In February 2011, a young couple with a 2-year-old child were trying to start a life together as a family, despite significant economic hardship.
John and Holly (fictional names) each had a high-school education, but John recently had lost his job as an apprentice electrician because of a lack of available work. The couple decided that John would take care of their daughter full-time while Holly worked at a fast-food restaurant to support them. She also attended school at night in the hope of obtaining better job opportunities in the future.
Searching for a safe, affordable place to live, Holly and John saw an ad on Craigslist for a small house for rent in southwest Atlanta. They met the landlord there to see the house, signed a lease and paid a $600 cash deposit the same day. The landlord promised the house would be available for occupancy three days later.
Over the next week, the landlord unilaterally postponed the occupancy date three times. Holly and John held out hope that the landlord ultimately would have the house ready for them, but they started looking for another place to rent, just in casewhich is how, one week after they signed the lease and paid the deposit, they discovered that the landlord had relisted their house for rent. They demanded that the landlord return their deposit, but he refused. They called the police, who rebuffed their attempts to file a report claiming theft.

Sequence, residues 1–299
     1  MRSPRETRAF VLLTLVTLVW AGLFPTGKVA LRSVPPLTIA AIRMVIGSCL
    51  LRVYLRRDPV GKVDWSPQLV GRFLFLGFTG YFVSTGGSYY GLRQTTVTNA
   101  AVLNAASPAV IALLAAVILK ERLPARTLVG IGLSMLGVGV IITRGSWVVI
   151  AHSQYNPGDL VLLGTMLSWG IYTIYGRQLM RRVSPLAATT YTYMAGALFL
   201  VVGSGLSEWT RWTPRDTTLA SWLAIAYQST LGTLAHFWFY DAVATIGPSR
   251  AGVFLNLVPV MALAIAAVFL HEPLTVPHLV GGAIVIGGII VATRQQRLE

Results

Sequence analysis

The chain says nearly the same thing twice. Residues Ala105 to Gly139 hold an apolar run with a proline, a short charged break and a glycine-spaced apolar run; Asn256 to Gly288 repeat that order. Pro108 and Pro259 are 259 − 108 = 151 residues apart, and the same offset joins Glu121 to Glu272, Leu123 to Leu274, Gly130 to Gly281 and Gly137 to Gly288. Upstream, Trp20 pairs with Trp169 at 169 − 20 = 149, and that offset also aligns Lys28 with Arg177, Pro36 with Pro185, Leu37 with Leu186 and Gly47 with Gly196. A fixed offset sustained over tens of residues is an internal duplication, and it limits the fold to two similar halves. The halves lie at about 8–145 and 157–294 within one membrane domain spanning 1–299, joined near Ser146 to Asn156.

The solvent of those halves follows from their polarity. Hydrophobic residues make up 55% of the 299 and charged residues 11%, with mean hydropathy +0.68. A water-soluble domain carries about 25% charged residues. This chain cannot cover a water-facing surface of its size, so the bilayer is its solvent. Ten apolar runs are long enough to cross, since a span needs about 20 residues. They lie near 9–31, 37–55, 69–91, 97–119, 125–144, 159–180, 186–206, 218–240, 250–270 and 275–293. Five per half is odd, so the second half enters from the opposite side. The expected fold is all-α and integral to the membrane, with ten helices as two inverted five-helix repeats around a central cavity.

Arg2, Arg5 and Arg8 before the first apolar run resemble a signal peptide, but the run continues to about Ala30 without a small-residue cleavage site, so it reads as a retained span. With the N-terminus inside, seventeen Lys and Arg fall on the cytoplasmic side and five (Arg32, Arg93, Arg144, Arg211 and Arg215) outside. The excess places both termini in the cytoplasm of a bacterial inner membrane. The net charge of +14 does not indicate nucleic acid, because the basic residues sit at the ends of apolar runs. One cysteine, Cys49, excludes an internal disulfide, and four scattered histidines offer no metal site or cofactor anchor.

With all of their savings lost to the now meaningless deposit, Holly and John turned for help to the Atlanta Volunteer Lawyers Foundation, which is where I met them in March 2011 and accepted their case.
Despite the fact that I a defense lawyerhad no experience with landlord/tenant law and never had filed a lawsuit before, I spent only about 20 hours on their case, with the great support provided by the AVLF staff.
Over the next six months, Holly, John and I:
filed a police report, shoring up their civil claim and creating documentation from which the police might be able to establish a pattern of conduct in case the landlord decided to make a habit of this racket;
filed a complaint in magistrate court, seeking triple damages under the Georgia statute governing landlords' handling of security deposits; damages for fraud; and attorney's fees (recoverable, I learned, even in a pro bono case);
went to trial, during which the landlord appeared and Holly testified against him; and